Lebanese lawmakers amended their constitution to keep pro-Syrian President Emile Lahoud (search) in office, boldly reaffirming their loyalty to Damascus and defying a U.N. resolution calling for presidential elections.

A day earlier, the United States and France succeeded in pushing a resolution through a divided U.N. Security council resolution calling on the Lebanese Parliament to not skip a presidential election and to pressure Syria to loosen its grip on Lebanese politics.

Although the U.N. (search) resolution has no enforcement clause, the parliamentary action — viewed here as a challenge to Washington, the driving force behind the resolution — could also put Lebanon on a collision course with the Security Council.

In a show of hands, legislators voted 96-29 in favor of a constitutional amendment needed to allow Lahoud, whose term expires Nov. 24, to stay in power until 2007.

Lahoud's longtime rival, Prime Minister Rafik Hariri (search), introduced the measure, abruptly dropping his objection under pressure from Syria.

"This is a sad scene and a black day in the history of Lebanon," said opposition lawmaker Nayla Moawwad, a former first lady.

But legislator Mohammed Raad, who leads the nine-member bloc of Hezbollah, the Lebanese guerrilla group which the United States regards as terrorist, said the vote was "to support Lahoud and to reject the policies of the American administration in the region."

The amendment to the constitution, which bars the president from seeking a second consecutive term, allows for a one-time exception to enable Lahoud to remain in office. An election would have been a rarity in the Arab world, where leaders change only by death or forced removal from office.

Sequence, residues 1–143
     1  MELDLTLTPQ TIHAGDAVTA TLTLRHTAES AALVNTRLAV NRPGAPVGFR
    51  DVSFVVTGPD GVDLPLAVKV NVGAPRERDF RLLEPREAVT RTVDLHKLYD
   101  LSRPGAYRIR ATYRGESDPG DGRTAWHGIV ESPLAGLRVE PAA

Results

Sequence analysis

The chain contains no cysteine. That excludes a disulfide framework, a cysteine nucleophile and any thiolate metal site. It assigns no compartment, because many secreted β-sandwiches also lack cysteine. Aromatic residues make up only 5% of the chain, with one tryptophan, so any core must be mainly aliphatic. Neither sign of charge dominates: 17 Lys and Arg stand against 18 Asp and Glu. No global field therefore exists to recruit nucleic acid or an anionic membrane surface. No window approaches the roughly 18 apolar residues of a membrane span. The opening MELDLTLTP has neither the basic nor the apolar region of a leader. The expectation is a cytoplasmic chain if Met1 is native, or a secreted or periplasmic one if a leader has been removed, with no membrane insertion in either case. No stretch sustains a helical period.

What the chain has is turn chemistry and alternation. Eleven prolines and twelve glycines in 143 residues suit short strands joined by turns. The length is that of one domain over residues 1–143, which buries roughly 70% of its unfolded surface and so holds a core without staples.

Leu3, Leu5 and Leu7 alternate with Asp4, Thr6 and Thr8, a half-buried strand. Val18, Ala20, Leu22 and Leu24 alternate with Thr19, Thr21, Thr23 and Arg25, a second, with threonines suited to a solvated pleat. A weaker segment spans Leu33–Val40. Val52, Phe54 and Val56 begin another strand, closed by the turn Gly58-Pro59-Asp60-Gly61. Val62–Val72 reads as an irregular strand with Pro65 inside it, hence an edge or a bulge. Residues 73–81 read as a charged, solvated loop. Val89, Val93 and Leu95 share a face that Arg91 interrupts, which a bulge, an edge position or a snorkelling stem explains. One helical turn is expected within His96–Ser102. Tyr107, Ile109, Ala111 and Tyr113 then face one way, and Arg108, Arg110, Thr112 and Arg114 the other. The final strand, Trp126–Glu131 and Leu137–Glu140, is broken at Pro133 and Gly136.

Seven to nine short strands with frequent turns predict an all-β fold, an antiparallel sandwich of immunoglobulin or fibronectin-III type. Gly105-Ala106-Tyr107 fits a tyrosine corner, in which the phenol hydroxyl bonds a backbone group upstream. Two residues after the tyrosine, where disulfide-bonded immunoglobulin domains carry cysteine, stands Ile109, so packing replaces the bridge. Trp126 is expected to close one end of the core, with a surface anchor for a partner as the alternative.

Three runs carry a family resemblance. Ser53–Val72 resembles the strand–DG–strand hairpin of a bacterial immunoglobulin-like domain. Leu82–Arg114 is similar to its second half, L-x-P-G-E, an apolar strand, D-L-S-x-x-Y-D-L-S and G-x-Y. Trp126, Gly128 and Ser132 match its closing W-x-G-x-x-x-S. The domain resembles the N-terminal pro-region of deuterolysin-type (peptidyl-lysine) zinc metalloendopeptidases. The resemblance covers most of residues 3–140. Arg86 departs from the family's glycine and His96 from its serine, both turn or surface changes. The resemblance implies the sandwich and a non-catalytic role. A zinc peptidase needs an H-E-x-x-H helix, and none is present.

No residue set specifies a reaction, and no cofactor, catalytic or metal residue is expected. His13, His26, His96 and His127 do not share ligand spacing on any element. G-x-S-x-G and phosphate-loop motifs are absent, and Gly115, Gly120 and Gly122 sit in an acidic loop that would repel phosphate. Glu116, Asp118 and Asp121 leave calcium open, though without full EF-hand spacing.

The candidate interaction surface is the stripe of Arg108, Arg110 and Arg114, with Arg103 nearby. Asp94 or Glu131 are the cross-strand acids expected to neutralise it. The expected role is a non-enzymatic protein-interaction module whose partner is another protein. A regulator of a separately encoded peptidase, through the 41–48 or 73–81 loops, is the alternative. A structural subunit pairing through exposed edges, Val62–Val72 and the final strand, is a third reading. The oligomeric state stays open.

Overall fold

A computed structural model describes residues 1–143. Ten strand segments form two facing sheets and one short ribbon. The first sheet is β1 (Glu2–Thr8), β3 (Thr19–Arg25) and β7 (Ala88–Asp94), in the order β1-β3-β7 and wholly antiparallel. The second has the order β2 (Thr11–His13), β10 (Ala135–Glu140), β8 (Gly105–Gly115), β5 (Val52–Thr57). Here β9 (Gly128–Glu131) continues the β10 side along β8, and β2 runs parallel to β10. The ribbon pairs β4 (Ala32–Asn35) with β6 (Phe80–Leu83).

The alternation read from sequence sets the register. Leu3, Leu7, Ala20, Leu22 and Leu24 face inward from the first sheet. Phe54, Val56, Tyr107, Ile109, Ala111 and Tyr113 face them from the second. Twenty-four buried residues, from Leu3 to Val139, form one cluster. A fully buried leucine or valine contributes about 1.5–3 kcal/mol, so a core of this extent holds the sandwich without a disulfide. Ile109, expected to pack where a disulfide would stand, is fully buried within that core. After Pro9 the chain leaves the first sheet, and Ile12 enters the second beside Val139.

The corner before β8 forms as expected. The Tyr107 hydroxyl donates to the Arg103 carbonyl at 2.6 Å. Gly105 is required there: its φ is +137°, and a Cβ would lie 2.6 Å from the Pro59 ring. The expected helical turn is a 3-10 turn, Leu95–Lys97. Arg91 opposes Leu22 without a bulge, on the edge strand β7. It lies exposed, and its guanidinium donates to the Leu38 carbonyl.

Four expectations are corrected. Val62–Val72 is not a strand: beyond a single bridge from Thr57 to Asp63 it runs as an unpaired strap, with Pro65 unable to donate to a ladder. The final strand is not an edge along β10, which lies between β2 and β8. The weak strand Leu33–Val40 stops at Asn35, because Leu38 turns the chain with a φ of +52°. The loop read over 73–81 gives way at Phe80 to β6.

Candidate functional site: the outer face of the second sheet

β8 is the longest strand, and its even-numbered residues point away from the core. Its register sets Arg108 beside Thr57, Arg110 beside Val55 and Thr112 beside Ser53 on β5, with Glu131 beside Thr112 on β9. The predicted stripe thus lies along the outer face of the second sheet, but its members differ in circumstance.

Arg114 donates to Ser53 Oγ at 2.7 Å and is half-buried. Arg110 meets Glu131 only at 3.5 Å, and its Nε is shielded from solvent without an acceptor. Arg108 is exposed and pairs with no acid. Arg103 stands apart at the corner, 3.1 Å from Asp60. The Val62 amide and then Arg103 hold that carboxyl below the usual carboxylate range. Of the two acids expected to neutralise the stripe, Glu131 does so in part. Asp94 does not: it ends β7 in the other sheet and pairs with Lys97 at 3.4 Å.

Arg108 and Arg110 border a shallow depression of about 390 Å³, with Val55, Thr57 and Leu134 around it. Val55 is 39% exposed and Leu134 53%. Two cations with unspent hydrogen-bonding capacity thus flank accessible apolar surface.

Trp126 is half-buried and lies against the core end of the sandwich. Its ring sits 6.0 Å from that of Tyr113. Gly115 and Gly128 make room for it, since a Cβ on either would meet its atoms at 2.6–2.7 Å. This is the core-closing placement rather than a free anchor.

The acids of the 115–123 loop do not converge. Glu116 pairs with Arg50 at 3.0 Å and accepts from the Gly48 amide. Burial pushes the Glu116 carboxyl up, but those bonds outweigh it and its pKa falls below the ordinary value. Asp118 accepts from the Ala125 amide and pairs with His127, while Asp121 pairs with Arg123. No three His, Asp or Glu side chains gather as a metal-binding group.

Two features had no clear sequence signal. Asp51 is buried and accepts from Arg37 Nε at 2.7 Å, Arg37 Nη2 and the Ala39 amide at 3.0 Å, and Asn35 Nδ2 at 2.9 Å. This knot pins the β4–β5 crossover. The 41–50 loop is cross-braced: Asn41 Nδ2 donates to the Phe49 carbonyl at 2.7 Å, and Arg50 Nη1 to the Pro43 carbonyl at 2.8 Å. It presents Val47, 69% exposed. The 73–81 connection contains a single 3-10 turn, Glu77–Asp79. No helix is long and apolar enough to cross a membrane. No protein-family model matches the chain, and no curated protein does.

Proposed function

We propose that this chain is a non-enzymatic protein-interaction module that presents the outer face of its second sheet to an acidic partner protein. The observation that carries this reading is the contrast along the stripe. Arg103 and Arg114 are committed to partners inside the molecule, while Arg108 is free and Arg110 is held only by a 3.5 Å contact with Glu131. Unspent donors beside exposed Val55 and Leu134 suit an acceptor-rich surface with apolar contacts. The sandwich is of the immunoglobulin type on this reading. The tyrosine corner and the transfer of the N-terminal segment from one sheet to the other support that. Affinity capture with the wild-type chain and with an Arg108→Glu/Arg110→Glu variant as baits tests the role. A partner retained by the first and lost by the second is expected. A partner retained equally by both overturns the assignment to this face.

Supporters of 68-year-old Lahoud, a former army commander, began celebrating even before the session was over, with gigantic fireworks lighting the night sky and guns being fired into the air. Pictures and banners supporting the president appeared on street walls.

Opponents drove around suburban neighborhoods, waving Lebanese flags and placards that read 1559 — a reference to the U.N. resolution, while security forces were deployed around downtown Beirut's parliament building, sealing off entire blocks to prevent protests.

Lahoud pledged to work with his opponents, saying in a statement Saturday that his "hand and heart were open to everyone without exception." He also said he would strive to bring about "an atmosphere of reconciliation and forgiveness."

Lahoud and the billionaire Hariri have struggled over power for years, differing — sometimes publicly and heatedly — on almost all political and economic issues. Their power struggle has paralyzed a country already beset by economic difficulties.

Thursday's Security Council resolution declares "support for a free and fair electoral process in Lebanon's upcoming presidential election" and rejects "foreign interference or influence," a reference to Syria, which Washington and Paris see as being behind the constitutional amendment to keep Lahoud in office.

The measure was adopted with only the minimum nine yes votes required. For it to pass, main sponsors America and France had to drop a threat "to consider additional measures" if the resolution wasn't implemented and referred to withdrawal of "all remaining foreign forces," dropping the direct reference to Syria.

Still, the resolution sends a strong message from key European countries which are close friends of Syria, namely Spain, France and Britain.

Syria sent troops to Lebanon in 1976 to help quell a year-old civil war which raged on for 14 more years. The troops have remained, and Lebanon's government has repeatedly said that the presence of the Syrian army has been a stabilizing factor since the war ended in 1990. Syria has since become the supreme power in Lebanon, often mediating among feuding politicians.

Lebanese Foreign Minister Jean Obeid described the U.N. resolution as "out of place," but said Lebanon will work with the world body and other countries to "right the course and confront the results" of the resolution.

The Lebanese Cabinet approved the constitutional amendment last week and sent it to Parliament, saying regional instability — citing Iraq and the Palestinian-Israeli conflict — made it necessary for Lahoud to stay at the helm.